At this point, it’s important to clarify the concept of direct action in the context of the strike.
In essence, direct action is about students themselves being the main actors of their struggle, as opposed to representatives. As such, it’s the counterpart to the direct democracy of student unions. Direct action is also about refusing mediation of the conflict by groups or individuals who often empower themselves at the expense of those on whose behalf they claim to speak, forcing them, explicitly or not, into roles of mere spectators. The “acceptable” political channels such as mass media and closed-door dialogue under the guise of “solution-building” are always primarily aimed at the pacification of conflicts and are thus incompatible with direct action. The aim is to build the struggle outside, and often in opposition to, the official political process.
Although direct action is never bounded by the limits of legality, we must reject the notion that direct action necessarily involves property destruction or violence against individuals. Those who insist on this aspect misunderstand the philosophy of direct action; the idea isn’t to replace politicians with a radical fringe. On the contrary, direct actions must strive to be, as much as possible, mass actions. Within the student movement, this can only arise when those with the initiative of direct actions are in relationship with general assemblies and take cues from them about the appropriate tactics to deploy.
While the strike owed much to CLASSE as a formal, centralised organization, the movement’s strength–its ability to disrupt business as usual–also derived from autonomy and decentralisation, without which direct action can’t exist. Individuals or groups could lead initiatives outside the union structures without systematically being labelled as nefarious splinter groups. As long as they were not isolated from student assemblies, and discussion about strategy and tactics was encouraged, they could empower each other instead of viewing one another with constant suspicion.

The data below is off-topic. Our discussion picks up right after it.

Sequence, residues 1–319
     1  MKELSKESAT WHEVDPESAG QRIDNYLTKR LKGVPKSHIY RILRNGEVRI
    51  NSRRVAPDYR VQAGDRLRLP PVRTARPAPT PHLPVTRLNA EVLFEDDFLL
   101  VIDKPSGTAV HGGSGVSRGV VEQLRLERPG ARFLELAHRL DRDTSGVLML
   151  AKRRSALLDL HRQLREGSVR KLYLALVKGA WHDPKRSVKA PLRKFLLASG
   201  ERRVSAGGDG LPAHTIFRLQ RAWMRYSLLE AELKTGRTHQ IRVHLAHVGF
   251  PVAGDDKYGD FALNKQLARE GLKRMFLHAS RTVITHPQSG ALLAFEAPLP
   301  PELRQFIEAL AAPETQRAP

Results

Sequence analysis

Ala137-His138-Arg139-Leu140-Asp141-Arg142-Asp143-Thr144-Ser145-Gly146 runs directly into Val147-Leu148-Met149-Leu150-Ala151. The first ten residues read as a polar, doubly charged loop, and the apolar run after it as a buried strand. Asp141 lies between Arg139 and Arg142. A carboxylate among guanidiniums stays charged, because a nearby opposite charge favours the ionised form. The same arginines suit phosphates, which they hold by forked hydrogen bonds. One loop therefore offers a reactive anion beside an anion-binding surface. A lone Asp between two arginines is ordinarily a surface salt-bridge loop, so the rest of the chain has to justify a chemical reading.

On the ground, CLASSE itself mostly organized large rallies and demonstrations while direct actions such as blockades and occupations were often undertaken by affinity groups close to local student unions. Would-be participants could consult an open calendar on CLASSE’s website where most of the upcoming actions were recorded. These were divided into three categories based on which type of group was behind each action: CLASSE, local student unions or individuals.
The nature of autonomous actions varied quite a bit and while their timings, targets or means weren’t always strategic, CLASSE’s role was not to police nor condemn them. This was most important as spokespersons interviewed by the media were often invited – and sometimes pressed – to condemn “violent” or “unacceptable” actions by students such as blocking roads. Internally, they were expected maintain a distance by stating that a particular action wasn’t organized by CLASSE, but otherwise, to put it in context and justify its legitimacy.
Of course, an important consequence of encouraging direct action is the repression that often follows. The movement dealt with this in a variety of ways. To better prepare students, workshops on safety in demonstrations, legal defence and security culture were organised on campuses. To deal with arrests and charges, a legal committee comprised of fully accredited lawyers and helpers (mostly law students) was put together and available on-call 24/7. And to ensure the long-term legal defence of the accused, efforts were put into building a fund through fundraising events and solicitation of labor unions and other groups. All these resources were made available by CLASSE to anyone who participated in any action in support of the strike, regardless of their status as a student or affiliation to any particular student union.1
 In contrast, FECQ and FEUQ offered legal support through a contracted law firm, but only to its own members.